Star Wars: Darth Maul: Shadow Hunter (Michael Reaves)
Set mere days before the events of The Phantom Menace, Shadow Hunter begins with a traitorous Neimoidian defecting from the Trade Federation, carrying the plans of their upcoming attack on Naboo with him. Nute Gunray, leader of the Trade Federation, lies about the traitor's whereabouts to Darth Sidious. Sidious, seeing through the ruse, sends Darth Maul to find and kill the traitor and anyone who now knows the secret. Meanwhile, Lorn Pavan, an information broker, is attempting to get his hands on the holocron through a go between, however he is swindled and robbed of all of his money. All is not lost however, as, after a face to face meeting with the traitor, a meeting time is setup to purchase the holocron. The Trade Federation sends a hunter of their own, Mawhi Lihnn, to track down and capture the traitorous Monchar. Lihnn and Maul stalk him back to his house, Maul gets there first however, and kills him and his guards before Lihnn shows up. Before he can appropriate the holocron, Lihnn nearly kills him, but he manages to evade her blasterfire and cause her to inadvertently kill herself. In Maul's hasty exit, he forgets the holocron, and Lorn is able to get it for free, even though he just committed bank fraud to get the funds that he thought he would need as payment.
Next, we are introduced to Darsha Assant, a Padawan in the process of becoming a Knight, her final task does not go as planned however, and her target is killed during the process of extracting him from Coruscant's seedy underbelly. Assant returns to the temple and tells her master, Anoon Bondara, whom seeks proof. Returning to the scene of his death, they find the proof they are looking for, but, while returning to the Jedi temple, they encounter a strange presence in the force. This presence is none other than Darth Maul, chasing Lorn and his droid I5 through the streets of Coruscant. Beckoning for Lorn to join them in their speeder, they manage to just barely evade Maul. However he is not out of tricks yet, summoning a speeder from his ship, Maul resumes the chase. Seeing their desperate situation, Bondara jumps onto Maul's speeder, disables it, and a fight ensues. Bondara quickly realizes he is overmatched, and destroys the dilapidated speeder, killing him and throwing Maul off the platform. Darsha's speeder is in critical condition as well, and they get to cover in an underground transport system just as it too explodes. Inside the tunnels the Padawan and Lorn make their way deeper down into the depths and draw ever closer to the Jedi temple. After a near fatal encounter with the Cthons, cannibalistic humanoids devoid of eyesight, the trio continues to a strange bridge overlooking a huge chasm. Unfortunately for them, as a giant, force invisible monster rises out of the depths, Darth Maul appears on the other end of the bridge. They get out of the situation by snapping the bridge and swinging across the pit. Thinking themselves safe, they come upon a waste disposal plant with a carbonite freezing chamber in one of its chambers. Darth Maul stalks them there too, and Darsha sacrifices her life to buy I5 and Lorn time to temporarily freeze themselves.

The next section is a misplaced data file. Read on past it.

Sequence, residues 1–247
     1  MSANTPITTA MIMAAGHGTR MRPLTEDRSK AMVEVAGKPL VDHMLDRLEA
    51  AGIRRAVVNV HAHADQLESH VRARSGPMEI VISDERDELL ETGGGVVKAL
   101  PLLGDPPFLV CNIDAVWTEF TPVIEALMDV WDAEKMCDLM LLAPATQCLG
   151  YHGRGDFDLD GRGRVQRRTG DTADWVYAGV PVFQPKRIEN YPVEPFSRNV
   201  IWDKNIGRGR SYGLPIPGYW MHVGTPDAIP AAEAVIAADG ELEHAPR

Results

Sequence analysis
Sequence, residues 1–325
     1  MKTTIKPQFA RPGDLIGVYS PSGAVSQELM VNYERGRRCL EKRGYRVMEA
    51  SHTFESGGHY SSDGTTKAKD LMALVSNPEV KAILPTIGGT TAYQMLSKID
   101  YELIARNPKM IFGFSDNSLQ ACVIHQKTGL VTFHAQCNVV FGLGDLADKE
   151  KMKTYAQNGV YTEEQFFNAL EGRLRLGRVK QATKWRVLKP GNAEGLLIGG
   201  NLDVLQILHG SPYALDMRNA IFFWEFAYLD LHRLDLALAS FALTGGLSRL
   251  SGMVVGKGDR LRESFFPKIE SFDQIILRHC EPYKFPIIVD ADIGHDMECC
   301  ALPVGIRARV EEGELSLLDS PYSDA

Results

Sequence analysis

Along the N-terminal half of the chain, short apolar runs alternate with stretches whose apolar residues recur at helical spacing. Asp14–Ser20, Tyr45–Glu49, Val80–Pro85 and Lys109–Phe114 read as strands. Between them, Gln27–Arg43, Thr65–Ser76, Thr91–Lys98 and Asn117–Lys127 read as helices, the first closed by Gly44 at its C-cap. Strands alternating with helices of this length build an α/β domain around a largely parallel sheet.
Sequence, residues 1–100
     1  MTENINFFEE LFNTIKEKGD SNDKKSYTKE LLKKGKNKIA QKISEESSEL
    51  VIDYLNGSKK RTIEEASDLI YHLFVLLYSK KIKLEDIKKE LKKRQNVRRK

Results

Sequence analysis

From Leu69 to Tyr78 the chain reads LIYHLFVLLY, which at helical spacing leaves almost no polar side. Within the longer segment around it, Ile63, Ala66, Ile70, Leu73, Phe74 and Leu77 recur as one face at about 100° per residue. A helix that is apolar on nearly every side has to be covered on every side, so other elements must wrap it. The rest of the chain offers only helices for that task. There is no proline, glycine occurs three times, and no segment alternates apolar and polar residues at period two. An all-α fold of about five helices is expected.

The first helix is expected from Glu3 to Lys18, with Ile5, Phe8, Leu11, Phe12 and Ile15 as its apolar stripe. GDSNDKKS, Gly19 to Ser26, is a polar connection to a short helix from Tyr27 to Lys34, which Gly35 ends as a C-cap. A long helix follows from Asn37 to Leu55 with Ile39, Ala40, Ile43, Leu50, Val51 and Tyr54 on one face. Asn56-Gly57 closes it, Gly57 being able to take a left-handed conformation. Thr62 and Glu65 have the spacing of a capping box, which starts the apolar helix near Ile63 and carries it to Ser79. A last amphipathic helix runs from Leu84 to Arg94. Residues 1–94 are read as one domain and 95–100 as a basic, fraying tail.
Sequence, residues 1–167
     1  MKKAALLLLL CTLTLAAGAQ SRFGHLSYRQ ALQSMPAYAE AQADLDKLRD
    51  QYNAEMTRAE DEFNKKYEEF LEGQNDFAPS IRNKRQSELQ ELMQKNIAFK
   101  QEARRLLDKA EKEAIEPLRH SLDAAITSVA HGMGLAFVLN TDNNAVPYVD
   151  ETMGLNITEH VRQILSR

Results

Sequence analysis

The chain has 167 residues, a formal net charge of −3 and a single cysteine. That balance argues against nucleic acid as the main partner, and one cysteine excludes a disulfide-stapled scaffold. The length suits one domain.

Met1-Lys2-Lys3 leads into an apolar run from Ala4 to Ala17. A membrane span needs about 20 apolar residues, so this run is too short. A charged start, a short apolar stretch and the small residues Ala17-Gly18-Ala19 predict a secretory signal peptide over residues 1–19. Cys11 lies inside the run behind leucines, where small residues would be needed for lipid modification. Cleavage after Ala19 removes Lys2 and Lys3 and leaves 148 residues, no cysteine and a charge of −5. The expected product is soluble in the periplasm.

The duo awakens half an hour later, and I5 summons and old friend to help them out. Once in their friend's transport, Lorn devises a plan to kill Maul, and instructs I5 to return to the Jedi temple with his friend and tell the Jedi of the occurrences. The acquaintance has other plans, however, and disables I5 in order to sell him as a valuable commodity in the future. Lorn tracks Maul to a space station orbiting Coruscant, he sneaks up on him (using a Taoxin scale to mask his presence) and shots him in the back twice with a stun bolt. Retrieving the holocron from Maul's belt, Lorn is inexplicably unable to kill Maul before he awakens, but is able to make his escape by sealing a blast door. Wounded and being chased by a ruthless killer, Lorn makes his way to the center of the platform, where he encounters Palpatine and his entourage. Believing Palpatine to be a kind hearted senator with Naboo's best interests at heart, he hands over the holocron, and receives medical treatment. When he recovers he is quickly killed by Darth Maul.